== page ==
What’s the Big Deal with Positive Thinking?

6 Minutes Read

positive thinking, therapyNeuroscience. That is the big deal. Personally, I like to understand how things work. Once I have some evidenced based knowledge, it is much easier for me to embrace a new way of doing things. To learn positivity, I had to become aware of my negativity, understand how to change it and believe in the process. A while back, embracing positive thinking didn’t even occur to me because I was SO unaware of how negative my thoughts were. There was plenty of evidence, but I was in denial.

I believed my way worked. I was results driven, fear based and highly productive (or so I thought). In reality, I was a workaholic, harsh with myself and others. I had little concept of how to treat myself with love and respect.

 

I think one of the hardest parts about making a positive change in life is the fear of letting go of an old way.

Positive change is synonymous with self-love.

Deep down inside, I think that we fear self-love because it feels selfish or that others will not see us as a worthy cause.

Neuroscience has profoundly improved my outlook on life.

Ironically, I didn’t do very well when studying brain and behavior during undergrad. It has since become a fascination of mine.

“Dispositional optimism, as defined by generalized positive expectations for the future, virtually always predicts better psychological adjustment. In numerous studies, the more positive people expected their futures to be, the better their mood, the fewer their psychiatric symptoms, and the better their adjustment to diverse situations including college transition, pregnancy, cardiac surgery, and caregiving (see Carver and Scheier, 1999; for a review).” https://www.ncbi.nlm.nih.gov/pmc/articles/PMC1948078/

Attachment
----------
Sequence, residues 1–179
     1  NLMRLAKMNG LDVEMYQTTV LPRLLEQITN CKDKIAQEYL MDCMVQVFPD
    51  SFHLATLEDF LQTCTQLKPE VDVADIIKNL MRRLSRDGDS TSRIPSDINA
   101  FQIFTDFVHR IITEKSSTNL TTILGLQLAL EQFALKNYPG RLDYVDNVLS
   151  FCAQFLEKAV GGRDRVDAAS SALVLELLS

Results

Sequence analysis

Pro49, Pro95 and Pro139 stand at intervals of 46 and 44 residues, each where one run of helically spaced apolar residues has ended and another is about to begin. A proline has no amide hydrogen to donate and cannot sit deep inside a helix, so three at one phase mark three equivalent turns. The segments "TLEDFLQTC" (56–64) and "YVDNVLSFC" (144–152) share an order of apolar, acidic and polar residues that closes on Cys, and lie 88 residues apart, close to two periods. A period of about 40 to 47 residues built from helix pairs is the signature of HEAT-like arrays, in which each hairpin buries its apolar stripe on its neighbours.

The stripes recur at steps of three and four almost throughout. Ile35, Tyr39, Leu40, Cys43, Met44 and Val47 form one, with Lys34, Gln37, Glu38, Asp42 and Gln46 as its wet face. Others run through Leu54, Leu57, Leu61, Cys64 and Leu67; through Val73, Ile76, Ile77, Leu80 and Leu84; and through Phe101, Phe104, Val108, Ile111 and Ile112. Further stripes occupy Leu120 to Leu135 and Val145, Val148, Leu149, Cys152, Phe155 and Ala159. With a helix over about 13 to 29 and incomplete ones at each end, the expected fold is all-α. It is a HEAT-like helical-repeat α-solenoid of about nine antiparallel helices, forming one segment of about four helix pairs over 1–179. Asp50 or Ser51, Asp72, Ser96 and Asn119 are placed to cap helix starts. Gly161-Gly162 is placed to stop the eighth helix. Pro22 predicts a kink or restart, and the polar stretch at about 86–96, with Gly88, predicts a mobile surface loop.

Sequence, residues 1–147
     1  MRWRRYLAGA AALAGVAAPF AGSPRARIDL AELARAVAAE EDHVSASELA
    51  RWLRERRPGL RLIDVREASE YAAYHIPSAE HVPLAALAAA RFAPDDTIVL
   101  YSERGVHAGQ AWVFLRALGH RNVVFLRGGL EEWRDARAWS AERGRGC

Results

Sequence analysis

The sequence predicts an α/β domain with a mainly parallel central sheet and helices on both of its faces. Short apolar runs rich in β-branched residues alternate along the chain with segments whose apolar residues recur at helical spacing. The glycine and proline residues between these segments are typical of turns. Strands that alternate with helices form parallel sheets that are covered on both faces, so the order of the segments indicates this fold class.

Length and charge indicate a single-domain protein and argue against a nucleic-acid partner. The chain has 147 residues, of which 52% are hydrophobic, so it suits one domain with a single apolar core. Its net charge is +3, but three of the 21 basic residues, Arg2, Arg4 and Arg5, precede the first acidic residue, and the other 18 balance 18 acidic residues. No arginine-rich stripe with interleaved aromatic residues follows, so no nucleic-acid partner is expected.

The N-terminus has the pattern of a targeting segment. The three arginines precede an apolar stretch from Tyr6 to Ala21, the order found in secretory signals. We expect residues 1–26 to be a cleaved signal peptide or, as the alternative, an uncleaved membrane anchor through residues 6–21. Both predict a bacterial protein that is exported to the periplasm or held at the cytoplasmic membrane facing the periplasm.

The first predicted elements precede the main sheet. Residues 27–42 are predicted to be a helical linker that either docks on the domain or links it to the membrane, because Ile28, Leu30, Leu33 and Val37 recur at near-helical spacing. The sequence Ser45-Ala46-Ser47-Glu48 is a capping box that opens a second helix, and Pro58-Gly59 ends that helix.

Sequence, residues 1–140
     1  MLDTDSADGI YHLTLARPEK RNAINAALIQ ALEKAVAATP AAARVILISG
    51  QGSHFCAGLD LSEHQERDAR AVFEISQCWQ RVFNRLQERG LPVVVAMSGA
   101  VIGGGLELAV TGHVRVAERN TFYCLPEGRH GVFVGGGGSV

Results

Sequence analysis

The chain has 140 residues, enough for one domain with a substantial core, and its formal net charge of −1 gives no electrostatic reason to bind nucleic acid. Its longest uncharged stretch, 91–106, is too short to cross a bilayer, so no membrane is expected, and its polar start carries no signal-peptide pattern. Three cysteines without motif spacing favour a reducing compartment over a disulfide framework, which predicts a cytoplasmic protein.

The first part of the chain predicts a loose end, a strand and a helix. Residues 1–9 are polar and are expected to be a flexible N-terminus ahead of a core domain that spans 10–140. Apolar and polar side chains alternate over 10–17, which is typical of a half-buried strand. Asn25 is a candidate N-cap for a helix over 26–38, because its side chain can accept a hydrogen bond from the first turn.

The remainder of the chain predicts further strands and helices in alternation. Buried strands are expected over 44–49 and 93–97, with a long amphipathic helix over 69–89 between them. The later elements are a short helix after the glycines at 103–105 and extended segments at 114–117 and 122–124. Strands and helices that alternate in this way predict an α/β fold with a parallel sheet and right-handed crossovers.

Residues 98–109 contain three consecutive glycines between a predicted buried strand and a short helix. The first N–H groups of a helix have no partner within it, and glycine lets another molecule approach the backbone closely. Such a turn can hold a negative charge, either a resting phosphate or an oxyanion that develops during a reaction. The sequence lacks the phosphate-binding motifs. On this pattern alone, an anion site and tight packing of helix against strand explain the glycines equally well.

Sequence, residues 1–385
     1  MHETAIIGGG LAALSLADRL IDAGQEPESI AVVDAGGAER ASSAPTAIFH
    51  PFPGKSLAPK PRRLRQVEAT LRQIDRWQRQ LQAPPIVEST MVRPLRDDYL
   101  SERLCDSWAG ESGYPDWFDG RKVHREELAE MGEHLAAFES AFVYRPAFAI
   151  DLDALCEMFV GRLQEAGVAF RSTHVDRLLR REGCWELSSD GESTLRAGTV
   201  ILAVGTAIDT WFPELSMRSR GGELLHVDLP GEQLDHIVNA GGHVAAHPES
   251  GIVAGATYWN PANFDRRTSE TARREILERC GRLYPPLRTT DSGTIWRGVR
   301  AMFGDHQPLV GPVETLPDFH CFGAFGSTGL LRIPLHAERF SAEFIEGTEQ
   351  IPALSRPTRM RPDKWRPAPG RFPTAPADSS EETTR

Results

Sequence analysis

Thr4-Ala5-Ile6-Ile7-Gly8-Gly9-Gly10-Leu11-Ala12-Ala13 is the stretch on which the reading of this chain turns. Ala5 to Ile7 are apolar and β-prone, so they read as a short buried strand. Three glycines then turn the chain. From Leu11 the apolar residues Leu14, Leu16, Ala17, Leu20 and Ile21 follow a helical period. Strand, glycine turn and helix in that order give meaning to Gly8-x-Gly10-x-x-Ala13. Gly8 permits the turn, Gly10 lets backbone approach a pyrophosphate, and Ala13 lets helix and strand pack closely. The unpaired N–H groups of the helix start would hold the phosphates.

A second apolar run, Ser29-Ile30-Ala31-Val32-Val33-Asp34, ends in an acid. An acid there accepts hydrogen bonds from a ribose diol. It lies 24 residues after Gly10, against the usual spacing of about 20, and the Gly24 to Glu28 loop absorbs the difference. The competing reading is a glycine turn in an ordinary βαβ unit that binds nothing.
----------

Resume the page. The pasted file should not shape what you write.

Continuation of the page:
If you need more positive thinking and optimism, it’s time to:

  1. improve your awareness
  2. learn how
  3. follow-through with the process!

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Positive Thinking: Here’s Why It’s So Beautiful!

Watch the video below to learn more about positive thinking, or scroll down for more information!

 

The Positive Psychology Program explains the neuroscience of positive thinking beautifully!

“The latest neuroscientific studies show that we have the ability to change and grow our brain even as an adult! This has fascinating implications for our wellbeing and other areas of Positive Psychology.

When do you think your last brain cells were born? Before you were born? Or at the age of 6? You may be surprised to learn that even the activities you engaged in today alter your brain.

For a long time, it was believed that once our brain is fully developed during infancy, it is no longer able to change. This meant that as adults we are stuck not only with the talents we possess, but also with a certain level of subjective wellbeing, the so-called happiness set point. However, recent Neuroscientific research provides us with promising findings that prove idea of limited brain development wrong. Studies confirmed the concept of Neuroplasticity, the ability of synapses, neurons and whole brain areas to change depending on the activities we perform (Doidge, 2007). As it turns out, the brain is not a rigid machine, but malleable as a lump of clay, and it can change even later in life.